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Improved chopper cover for cops

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Improvements: Dyfed-Powys police helicopter service

Improvements: Dyfed-Powys
police helicopter service

THE PEOPLE of Dyfed-Powys are to get better police cover from the air. New arrangements will see a helicopter continue to be based at Pembrey in Carmarthenshire, with new cover also available from elsewhere. Police and Crime Commissioner Christopher Salmon said: “This is great news for communities across our four counties. I’ve been determined for this police force to improve air cover across Carmarthenshire, Ceredigion, Pembrokeshire and Powys. This force covers a huge area – more than half of Wales – and policing locations so far apart brings unique challenges.”

Mr Salmon and Chief Constable Simon Prince have spent several months working towards a deal with the new National Police Air Service (NPAS) which is being rolled out following a review of air support for England and Wales. The deal, due to take effect next year, will see Dyfed-Powys’s own helicopter remain at Pembrey then be replaced at the same airport by an Airbus EC135 helicopter owned and maintained by NPAS.

It will see air support for Dyfed- Powys drawn from multiple bases and with a number of aircraft. Emergency response will be provided from Pembrey and St Athan, near Cardiff, and the force will be able to call on support from NPAS helicopters at Rhuddlan, Denbighshire, and Halfpenny Green, Wolverhampton.

The new service will cost Dyfed- Powys Police around £890,000 a year. The existing service cost the force around £1.1m in 2013-14 and is budgeted to cost around £1.2m in 2014-15. Dyfed-Powys Chief Constable Simon Prince said: “The introduction of the NPAS helicopter will allow far greater mobility to the officers of Dyfed-Powys Police and ensure that residents in every corner of the force area will benefit from this improved resource.”

The air service helps with searches for missing people, suspects and vehicles, casualty evacuation, transporting specialist teams around Dyfed-Powys’s 4,188 square miles, gathering intelligence including using automatic number plate recognition and video.

A helicopter takes around 12 minutes to search a square mile at a cost of £160 – an operation that would take 12 police officers 454 hours at a cost of around £4,680. This year the Dyfed-Powys helicopter has played a major role in recovering property worth more than £120,000, locating 23 vulnerable and missing people, and transporting seven people with life threatening injuries to hospital. It played a key role, working with neighbourhood police teams, in closing down several drugs factories and supply chains.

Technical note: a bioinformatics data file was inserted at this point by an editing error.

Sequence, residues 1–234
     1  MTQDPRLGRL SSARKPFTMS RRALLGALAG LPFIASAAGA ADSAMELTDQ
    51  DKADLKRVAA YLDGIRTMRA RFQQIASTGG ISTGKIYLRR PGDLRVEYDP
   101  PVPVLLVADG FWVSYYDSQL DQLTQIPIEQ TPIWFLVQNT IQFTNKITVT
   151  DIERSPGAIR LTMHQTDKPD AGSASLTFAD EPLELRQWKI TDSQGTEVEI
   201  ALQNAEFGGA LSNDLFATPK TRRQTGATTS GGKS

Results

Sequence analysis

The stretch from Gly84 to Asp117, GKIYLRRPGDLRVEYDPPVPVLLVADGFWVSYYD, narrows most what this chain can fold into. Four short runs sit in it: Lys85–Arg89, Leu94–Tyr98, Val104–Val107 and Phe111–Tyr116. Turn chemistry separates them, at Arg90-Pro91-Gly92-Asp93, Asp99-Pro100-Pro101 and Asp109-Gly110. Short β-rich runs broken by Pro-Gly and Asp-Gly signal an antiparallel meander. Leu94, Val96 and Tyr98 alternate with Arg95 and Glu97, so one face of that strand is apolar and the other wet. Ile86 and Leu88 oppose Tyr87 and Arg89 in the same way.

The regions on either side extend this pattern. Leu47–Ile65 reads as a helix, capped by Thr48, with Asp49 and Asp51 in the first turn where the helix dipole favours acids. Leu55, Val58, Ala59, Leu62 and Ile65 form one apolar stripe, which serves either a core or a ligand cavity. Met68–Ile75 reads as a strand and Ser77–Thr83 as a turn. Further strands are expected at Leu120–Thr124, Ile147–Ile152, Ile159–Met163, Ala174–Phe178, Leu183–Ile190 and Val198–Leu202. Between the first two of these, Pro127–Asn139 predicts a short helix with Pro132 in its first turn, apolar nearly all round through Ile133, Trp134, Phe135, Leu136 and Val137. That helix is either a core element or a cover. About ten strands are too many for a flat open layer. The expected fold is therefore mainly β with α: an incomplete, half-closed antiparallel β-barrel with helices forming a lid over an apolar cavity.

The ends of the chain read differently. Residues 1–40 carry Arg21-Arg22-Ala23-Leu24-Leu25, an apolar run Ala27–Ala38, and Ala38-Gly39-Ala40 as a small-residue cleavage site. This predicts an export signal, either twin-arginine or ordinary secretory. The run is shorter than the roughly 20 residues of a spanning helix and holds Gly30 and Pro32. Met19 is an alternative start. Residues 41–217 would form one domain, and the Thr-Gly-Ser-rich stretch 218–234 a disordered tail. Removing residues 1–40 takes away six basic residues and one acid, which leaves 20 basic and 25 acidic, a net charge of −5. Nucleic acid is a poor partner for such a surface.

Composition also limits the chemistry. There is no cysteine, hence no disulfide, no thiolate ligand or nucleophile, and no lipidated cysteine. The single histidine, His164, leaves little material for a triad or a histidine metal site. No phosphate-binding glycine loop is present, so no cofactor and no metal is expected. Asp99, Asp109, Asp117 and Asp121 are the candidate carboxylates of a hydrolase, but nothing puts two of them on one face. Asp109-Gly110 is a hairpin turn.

Flying times include Pembrey to Aberystwyth in 24 minutes; the equivalent road journey of around 64 miles takes around 112 minutes. The Dyfed-Powys helicopter unit has provided an eye-in-the-sky service for 23 years. Led by Inspector Ian Richards and featuring a sergeant, two pilots and five observers, it operates a 10-year-old Agusta 109E Power helicopter. The new arrangements will see seven of Dyfed-Powys’s nine helicopter personnel transfer to NPAS.

They will cover Dyfed-Powys but will also fly outside the area. NPAS, being paid for by all forces in England and Wales, aims to deliver a cost-effective national, borderless service making use of the nearest aircraft. It aims to improve upon current response capability. Its aircraft will be available 24/7 and will be based at strategic locations around England and Wales.

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Cardigan: Welsh language nursery’s treasurer stole £16,336 from coffers

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A FORMER treasurer of Cylch Meithrin Penparc in Cardigan has been jailed today for a fraud that brought the Welsh language nursery to its knees.
Catrin Davies, a 33 year old single mother of two daughters, cheated the organisation out of £16,336.
After she left the post the nursery struggled to pay debts and at one stage was left with £1.84p in its bank.
Davies, of Bwthyn Lleine, Ferwig, admitted fraud and was jailed for eight months.
Judge Geraint Walters, sitting at Swansea Crown Court, told her the offending was too series for the sentence to be suspended.
Craig Jones, prosecuting, said Davies was appointed treasurer in September, 2015, and left the post in December 2016.
The new treasurer noticed discrepancies in the accounts. Davies tried to cover them up by sticking pieces of paper onto bank statements to blank out figures, photocopying them, and then carefully typing in new and bogus figures.
By then Davies had failed to pay money into the account and withdrawn some herself.